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Pain Pract. 2007 Sep;7(3):248-55.

Prospective, randomized, single-blind, sham treatment-controlled study of the safety and efficacy of an electromagnetic field device for the treatment of chronic low back pain: a pilot study.

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1
Center for Pain Studies, Chicago, Illinois 60611, USA. nharden@ric.org

Abstract

OBJECTIVES:

To evaluate the efficacy and safety of therapeutic electromagnetic fields (TEMF) on chronic low back pain. Secondary objectives included the investigation of the effects of TEMF on psychometric measures.

SETTING:

Pain Research center in an Urban Academic Rehabilitation Facility.

DESIGN:

Prospective, randomized, single-blind, placebo (sham) treatment-controlled design in which participants were evaluated over a 6-week period. A total of 40 subjects were randomly assigned: 20 subjects to 15 milliTESLA (mT) treatment using a prototype electromagnetic field device and 20 to sham treatment.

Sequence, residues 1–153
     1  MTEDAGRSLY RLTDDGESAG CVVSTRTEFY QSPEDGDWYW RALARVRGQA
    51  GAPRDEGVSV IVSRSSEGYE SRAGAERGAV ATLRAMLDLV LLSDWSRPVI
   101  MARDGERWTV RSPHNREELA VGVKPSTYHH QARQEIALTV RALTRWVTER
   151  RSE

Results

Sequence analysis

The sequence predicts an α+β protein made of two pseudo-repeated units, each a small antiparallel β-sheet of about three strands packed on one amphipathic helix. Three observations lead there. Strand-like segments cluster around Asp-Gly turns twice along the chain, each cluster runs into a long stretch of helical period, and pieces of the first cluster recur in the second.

INTERVENTIONS:

After a 2-week baseline period, eligible individuals were randomized to one of the treatment groups (sham or 15 mT) for six 30-minute treatments over 2 weeks, then a 2-week follow-up period.

OUTCOME MEASURES:

The primary outcome measure was the self-report of pain severity using a 100 mm visual analog scale collected using a twice daily McGill Pain Questionnaire-Short Form. Several secondary measures were assessed.

RESULTS:

Both groups (15 mT and sham) improved over time (P < 0.05). Although groups were similar during the treatment period, treated subjects (TEMF of 15 mT) improved significantly over sham treatment during the 2-week follow-up period (20.5% reduction in pain; F(1,34) = 10.62, P = 0.003). There were no reported serious adverse events.

CONCLUSIONS:

This study demonstrates that TEMF may be an effective and safe modality for the treatment of chronic low back pain disorders. More studies are needed to test this hypothesis.

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